On the whole, I regard the easy online accessibility of erotic spanking imagery as a menace: it means that the subject’s public identity is dominated by low-grade, unimaginative material that is often far more tasteless, ugly and demeaning than anything in my sample selection. But it does also establish spanking as part of the recognized landscape of the human sexual imagination, because, as I have already said, the material simply would not exist if there weren’t significant numbers of people who fantasize about the subject.
Another menace is the blanket assumption, or misconception, among the makers of law and morality that what people enjoy watching, they will end up doing – which my own experience, at least, shows to be just not true. But that has at least given spanking a route out of the undergrowth and back up into the cultural mainstream: now that sex is an accepted part of life, so is spanking, so long as spanking is primarily sexual rather than retributive. And that’s the ‘new normal’ for spanking, in the bedroom rather than the woodshed.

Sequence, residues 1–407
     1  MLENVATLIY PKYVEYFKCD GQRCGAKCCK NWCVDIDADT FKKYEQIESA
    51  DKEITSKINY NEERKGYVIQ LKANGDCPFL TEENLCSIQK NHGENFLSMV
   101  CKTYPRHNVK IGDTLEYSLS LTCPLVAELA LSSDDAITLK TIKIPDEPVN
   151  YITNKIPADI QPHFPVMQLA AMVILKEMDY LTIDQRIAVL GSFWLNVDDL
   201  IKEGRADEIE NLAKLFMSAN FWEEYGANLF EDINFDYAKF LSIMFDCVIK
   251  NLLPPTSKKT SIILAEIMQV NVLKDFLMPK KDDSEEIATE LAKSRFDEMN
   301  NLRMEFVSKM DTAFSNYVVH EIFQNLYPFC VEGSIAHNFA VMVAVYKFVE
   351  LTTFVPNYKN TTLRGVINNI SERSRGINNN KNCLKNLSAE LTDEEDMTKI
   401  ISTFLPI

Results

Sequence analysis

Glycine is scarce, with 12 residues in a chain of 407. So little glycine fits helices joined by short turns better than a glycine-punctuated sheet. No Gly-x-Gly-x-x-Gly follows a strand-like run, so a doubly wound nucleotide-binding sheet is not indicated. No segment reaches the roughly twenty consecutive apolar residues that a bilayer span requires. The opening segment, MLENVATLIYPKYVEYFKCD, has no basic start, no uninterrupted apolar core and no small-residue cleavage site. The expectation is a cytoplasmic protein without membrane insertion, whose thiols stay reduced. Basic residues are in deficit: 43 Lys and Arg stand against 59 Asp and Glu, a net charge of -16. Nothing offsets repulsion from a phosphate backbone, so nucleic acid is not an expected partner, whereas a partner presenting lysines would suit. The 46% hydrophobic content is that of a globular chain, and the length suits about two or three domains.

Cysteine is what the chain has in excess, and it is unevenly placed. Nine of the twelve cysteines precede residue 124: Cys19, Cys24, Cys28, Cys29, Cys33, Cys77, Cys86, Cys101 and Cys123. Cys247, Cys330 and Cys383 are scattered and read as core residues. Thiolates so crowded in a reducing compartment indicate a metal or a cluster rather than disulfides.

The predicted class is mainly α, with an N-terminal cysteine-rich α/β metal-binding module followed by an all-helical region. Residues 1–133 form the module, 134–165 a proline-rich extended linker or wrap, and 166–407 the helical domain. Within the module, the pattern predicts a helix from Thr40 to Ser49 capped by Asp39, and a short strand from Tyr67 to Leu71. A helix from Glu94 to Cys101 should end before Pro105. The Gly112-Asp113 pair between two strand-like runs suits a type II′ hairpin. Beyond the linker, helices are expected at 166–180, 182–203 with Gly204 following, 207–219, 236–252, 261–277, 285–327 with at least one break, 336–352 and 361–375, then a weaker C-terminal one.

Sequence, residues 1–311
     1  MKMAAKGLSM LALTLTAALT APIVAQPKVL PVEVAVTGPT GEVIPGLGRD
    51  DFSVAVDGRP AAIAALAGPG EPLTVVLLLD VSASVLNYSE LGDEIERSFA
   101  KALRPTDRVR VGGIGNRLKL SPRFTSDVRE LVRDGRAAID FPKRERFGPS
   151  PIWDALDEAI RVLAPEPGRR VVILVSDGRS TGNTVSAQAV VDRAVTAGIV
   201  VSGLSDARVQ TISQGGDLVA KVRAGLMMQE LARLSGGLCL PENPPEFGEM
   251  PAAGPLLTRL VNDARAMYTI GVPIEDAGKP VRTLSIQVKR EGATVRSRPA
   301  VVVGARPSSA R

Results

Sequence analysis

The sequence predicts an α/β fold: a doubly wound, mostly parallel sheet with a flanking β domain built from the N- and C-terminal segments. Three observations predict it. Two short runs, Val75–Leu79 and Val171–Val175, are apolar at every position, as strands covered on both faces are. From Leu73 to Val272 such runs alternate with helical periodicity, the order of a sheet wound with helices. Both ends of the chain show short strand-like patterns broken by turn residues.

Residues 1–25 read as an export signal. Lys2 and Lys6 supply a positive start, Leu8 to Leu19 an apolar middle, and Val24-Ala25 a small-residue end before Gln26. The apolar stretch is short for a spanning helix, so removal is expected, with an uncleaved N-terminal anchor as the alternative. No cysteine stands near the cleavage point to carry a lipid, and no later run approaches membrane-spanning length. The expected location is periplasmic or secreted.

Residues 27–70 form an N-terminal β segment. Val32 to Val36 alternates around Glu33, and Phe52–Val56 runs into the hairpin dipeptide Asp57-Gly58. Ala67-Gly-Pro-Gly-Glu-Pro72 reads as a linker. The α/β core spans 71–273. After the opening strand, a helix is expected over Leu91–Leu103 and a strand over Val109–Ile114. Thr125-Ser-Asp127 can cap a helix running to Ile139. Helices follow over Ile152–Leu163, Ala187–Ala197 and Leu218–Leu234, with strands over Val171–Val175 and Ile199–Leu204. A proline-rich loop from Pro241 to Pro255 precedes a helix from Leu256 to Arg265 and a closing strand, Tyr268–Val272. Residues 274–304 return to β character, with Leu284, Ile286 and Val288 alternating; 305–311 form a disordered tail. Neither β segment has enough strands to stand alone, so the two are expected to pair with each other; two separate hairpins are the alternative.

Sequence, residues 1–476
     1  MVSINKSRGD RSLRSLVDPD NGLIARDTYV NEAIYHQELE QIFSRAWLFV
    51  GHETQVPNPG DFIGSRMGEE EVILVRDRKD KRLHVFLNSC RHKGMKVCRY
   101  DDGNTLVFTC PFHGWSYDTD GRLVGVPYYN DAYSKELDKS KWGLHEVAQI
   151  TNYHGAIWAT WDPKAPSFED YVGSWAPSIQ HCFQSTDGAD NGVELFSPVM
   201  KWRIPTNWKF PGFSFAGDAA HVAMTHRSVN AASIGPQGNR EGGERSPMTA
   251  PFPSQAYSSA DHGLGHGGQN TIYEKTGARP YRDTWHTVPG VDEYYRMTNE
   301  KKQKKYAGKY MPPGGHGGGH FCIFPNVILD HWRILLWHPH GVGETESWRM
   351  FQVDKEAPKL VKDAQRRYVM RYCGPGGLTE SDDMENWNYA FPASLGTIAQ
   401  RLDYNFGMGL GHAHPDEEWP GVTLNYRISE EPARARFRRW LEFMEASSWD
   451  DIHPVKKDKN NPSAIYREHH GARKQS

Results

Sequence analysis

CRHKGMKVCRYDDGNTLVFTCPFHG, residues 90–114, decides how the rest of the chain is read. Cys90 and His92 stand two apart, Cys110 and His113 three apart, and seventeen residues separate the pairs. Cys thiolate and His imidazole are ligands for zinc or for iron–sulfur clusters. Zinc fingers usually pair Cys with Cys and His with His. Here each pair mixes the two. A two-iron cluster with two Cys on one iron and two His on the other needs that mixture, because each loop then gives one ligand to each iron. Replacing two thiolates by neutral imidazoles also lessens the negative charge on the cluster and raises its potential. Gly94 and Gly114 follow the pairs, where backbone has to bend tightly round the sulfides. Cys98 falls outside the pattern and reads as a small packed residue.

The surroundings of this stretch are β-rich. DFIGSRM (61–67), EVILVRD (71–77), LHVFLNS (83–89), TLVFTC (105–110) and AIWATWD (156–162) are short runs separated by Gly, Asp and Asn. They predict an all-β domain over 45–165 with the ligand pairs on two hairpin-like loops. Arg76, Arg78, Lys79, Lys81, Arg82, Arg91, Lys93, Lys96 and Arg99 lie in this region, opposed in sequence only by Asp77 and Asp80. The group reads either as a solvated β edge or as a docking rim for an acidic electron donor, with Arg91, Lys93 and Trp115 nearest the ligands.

That could mean nothing more than a lot of private fun for people so inclined, with less of the guilty baggage that all too often comes with kink; and that alone would be a positive social development, albeit in an arena to which we rightly have very limited access. But post-1960s liberalization also means that we are more willing to admit the world of sexuality into the stories we tell and the imagery we circulate, which is why there is that substantial body of spanking in the kind of mainstream, non-exploitation films and plays that I illustrated earlier in the article. The issue that comes with it is the ways in which this material rises above the voyeuristic, intrusive interest in other people’s sexual practices that marks out one species of porn: what are the mainstream spanking stories of the new normal? That is a topic we shall begin to explore next time.